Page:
The 3 1/2" drive is the SF354 model with 500K capacity, priced under $200. Atari is now also considering a 250K drive for about $150, to be called the SF324. These 3 1/2" drives and the projected ST hard disks will transfer data at a sizzling 1.3 megabytes per second on the 16-bit computers. For the XEs, the goal is to boost the speed to 30,000 from the current 19,200.
The under-$600 SH317 hard disk was not shown at CES. And there still is doubt about whether it will store 10 or 15 megabytes of data, or whether there will be separate hard disk models at each capacity.
In 5 1/4" floppy disk drives, the current 1050 model will gradually be replaced by the compatible XF521. This drive will sell for about $150, support true double density with DOS 2.5 and match the looks of the XE computers.
Atari's full line of printers (and monitors) will also be marketed with interfaces for IBM, Apple and Commodore computers. These new printers all seem much sturdier and more effective than any printer that has ever carried the Atari imprint before.
For only about $150, you can choose between a slow (12 cps) but true letter-quality daisywheel printer, an 80 characters per second dot-matrix printer that produces graphics virtually as good as the Apple Image-writer, or a 50 cps non-impact dot matrix that prints sharp copy in multiple- colors. A black-only 20 cps nonimpact dot matrix will sell for $99.
Under various model numbers, these new Atari printers can be purchased with interfaces for either the 8-bit or the 16-bit computer lines.
In its own right, the '85 Atari software is as spectacular as the new hardware. The emphasis is on state-of-the-art productivity applications, and the prices are almost all under $49.95.
The undisputable star of Atari's new software is Infinity, a second-generation integrated program that's more powerful than Lotus 1-2-3. Yet it will sell at only $49.95 for XEs and about $70 for the STs. (It also runs on XLs and even on the 800, though it loses multi-tasking and windowing capability)
Infinity has a spreadsheet, a relational database, a word processor that displays all special lettering onscreen, business graphics and telecommunications. It also includes icons, drop-down menus, multi-tasking windows and integrated printing.
The program will support the upcoming Atari local area networking (LAN), for multiple Ataris cabled together. Infinity runs in virtual memory to take advantage of the expanded Atari disk drive capacities.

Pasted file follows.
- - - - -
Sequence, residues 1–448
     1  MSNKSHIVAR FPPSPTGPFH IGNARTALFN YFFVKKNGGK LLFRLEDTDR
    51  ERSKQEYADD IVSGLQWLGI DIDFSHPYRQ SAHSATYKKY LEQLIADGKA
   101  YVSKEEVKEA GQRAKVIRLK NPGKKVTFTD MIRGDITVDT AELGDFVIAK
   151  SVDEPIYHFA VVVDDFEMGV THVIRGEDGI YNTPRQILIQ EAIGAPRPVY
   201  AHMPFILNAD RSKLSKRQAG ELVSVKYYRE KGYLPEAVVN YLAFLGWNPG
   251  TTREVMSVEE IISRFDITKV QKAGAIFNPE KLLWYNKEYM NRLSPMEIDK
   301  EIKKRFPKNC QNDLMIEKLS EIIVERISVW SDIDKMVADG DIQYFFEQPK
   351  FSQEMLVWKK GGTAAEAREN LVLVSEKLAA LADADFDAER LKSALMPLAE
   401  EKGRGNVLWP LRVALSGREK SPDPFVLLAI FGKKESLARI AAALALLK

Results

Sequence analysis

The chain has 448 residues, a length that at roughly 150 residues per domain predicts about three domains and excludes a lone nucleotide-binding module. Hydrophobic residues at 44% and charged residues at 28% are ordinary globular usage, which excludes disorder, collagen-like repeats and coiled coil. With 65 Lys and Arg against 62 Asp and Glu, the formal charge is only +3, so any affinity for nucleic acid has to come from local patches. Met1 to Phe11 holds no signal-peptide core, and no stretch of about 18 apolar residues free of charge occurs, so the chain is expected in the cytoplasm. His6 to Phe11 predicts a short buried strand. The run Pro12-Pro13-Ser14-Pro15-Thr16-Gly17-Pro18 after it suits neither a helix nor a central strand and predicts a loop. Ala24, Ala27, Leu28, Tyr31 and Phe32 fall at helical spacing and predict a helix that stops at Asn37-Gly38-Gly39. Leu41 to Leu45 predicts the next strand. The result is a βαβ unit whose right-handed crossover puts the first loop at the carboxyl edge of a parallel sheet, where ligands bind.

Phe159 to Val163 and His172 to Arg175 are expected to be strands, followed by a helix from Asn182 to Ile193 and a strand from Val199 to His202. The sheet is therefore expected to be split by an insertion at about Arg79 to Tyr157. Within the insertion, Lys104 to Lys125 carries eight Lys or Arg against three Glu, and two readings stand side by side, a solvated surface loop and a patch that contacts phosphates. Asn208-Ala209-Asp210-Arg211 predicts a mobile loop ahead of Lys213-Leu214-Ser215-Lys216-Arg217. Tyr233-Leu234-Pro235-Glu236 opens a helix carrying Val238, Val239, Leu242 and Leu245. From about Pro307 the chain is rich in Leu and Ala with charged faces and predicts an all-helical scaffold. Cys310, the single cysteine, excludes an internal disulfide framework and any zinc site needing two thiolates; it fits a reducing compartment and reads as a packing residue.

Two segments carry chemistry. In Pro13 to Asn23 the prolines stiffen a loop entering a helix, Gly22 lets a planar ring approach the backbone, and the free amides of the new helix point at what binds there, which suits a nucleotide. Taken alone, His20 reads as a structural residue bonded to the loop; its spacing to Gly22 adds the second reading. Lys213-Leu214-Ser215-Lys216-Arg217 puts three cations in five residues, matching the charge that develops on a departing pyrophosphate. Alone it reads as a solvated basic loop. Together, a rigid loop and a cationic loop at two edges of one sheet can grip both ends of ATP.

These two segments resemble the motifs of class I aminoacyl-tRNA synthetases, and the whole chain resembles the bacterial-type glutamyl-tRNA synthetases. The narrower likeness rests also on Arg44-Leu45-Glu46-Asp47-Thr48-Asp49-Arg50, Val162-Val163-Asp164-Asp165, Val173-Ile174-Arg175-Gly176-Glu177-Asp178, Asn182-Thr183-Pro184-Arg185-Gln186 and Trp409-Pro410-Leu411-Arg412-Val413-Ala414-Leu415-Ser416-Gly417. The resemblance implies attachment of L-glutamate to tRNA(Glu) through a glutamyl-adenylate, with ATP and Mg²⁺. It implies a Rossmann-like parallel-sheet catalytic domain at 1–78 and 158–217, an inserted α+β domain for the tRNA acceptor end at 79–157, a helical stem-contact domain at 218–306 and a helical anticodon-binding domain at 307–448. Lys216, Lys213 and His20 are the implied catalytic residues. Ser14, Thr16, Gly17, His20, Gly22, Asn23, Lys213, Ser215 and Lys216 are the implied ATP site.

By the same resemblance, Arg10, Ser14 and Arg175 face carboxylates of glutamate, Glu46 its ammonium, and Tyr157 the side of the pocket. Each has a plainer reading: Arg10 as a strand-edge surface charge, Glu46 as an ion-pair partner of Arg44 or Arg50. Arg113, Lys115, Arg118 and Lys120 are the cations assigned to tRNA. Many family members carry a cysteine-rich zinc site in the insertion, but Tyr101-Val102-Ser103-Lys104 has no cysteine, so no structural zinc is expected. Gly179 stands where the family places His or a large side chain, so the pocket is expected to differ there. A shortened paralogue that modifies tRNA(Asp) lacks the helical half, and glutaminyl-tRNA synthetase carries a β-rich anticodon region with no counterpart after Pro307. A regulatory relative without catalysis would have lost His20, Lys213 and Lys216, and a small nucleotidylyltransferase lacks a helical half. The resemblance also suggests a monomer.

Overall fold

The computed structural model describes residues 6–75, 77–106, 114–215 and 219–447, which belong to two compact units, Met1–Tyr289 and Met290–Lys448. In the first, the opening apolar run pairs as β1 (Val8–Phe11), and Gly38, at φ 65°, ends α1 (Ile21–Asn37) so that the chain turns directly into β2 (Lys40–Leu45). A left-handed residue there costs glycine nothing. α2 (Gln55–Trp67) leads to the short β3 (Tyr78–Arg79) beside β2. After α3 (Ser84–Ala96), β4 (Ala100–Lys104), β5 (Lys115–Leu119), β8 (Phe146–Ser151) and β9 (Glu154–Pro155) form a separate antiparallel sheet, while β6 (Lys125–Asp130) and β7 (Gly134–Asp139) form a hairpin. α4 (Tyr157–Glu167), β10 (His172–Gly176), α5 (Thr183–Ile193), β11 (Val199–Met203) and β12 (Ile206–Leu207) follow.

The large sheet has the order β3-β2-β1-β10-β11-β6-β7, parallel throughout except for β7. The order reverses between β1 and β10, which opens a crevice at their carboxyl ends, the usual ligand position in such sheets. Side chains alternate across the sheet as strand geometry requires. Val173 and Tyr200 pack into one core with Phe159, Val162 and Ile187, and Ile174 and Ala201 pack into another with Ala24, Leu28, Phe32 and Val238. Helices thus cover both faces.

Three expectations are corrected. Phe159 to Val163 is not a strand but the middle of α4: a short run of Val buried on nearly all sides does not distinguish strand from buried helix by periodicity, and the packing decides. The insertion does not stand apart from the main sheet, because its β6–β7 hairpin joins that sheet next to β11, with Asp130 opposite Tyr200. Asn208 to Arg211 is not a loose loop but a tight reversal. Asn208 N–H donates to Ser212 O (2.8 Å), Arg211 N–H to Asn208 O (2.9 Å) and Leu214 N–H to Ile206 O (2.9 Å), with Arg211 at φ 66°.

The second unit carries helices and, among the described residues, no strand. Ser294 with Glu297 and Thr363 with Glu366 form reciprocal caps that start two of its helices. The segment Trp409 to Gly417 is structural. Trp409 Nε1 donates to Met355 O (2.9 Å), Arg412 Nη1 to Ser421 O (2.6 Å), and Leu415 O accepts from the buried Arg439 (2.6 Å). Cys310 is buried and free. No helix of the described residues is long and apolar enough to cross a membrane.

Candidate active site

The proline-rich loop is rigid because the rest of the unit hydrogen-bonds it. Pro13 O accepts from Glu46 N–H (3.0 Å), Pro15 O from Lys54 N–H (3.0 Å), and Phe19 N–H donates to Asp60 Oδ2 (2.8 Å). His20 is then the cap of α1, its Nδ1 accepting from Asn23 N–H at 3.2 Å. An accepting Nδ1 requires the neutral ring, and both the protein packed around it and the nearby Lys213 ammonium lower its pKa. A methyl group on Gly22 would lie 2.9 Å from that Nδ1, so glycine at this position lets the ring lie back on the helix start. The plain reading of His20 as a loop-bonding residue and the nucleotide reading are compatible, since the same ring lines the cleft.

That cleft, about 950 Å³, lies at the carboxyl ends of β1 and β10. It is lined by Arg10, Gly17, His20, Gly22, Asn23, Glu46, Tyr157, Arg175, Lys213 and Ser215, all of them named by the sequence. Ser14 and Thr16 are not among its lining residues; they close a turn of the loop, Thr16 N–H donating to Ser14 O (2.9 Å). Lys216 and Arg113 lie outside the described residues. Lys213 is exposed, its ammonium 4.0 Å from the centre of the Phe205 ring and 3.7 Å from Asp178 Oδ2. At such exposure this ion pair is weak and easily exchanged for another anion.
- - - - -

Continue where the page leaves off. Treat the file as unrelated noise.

Admittedly, all this is a bit hard to believe about software that can operate with as little as 64K memory. A developer of the program told Antic that Infinity was able to pack in so many advanced features by "optimizing" the assembly language compilation. Until now, optimization has been used mainly for advanced military and government-agency software. It's a tedious process that requires painstaking line-by-line program compression analysis.
Other hot Atari software-virtually all priced under $49.95-includes:
AtariWriter Plus-Contains spelling checker and mailing list, the 128K version resides entirely on one disk.
Silent Butler-Personal finance software that tracks multiple checking and credit card accounts. It has the unique capability of printing on your own personalized checks, using a slotted holder that fits in your printer.
Shopkeeper-A small business accounting package that will ultimately be in six modules. The first release emulates an electronic cash register, counts inventory and compiles daily reports.
Song Painter-Joystick-controlled music construction program that replaces standard musical notation with easily-understood colored line patterns and icons.
THIRD PARTY PRODUCTS
Some of the best things for the Atari we saw at CES from third party developers were Paper Clip, the powerful and simple new word processor from Batteries Unlimited, and the new line of Star printers.
Star's SG-10, the model that replaces the Gemini l0X, prints near letter quality at 60 cps and draft quality at 120 cps. Yet it's priced at only $299. The new top-of-the-line SB-10 has 24 wires, costs about $900 and prints dot-matrix lettering that looks almost exactly as if it came from a daisywheel.
Be sure you don't miss the next issue of Antic when we'll cover Atari's technological breakthroughs in even greater depth.
And for the very latest-breaking news about the exciting new 1985 Atari developments, be sure to look in on CompuServe for Antic Online's Special Bulletins.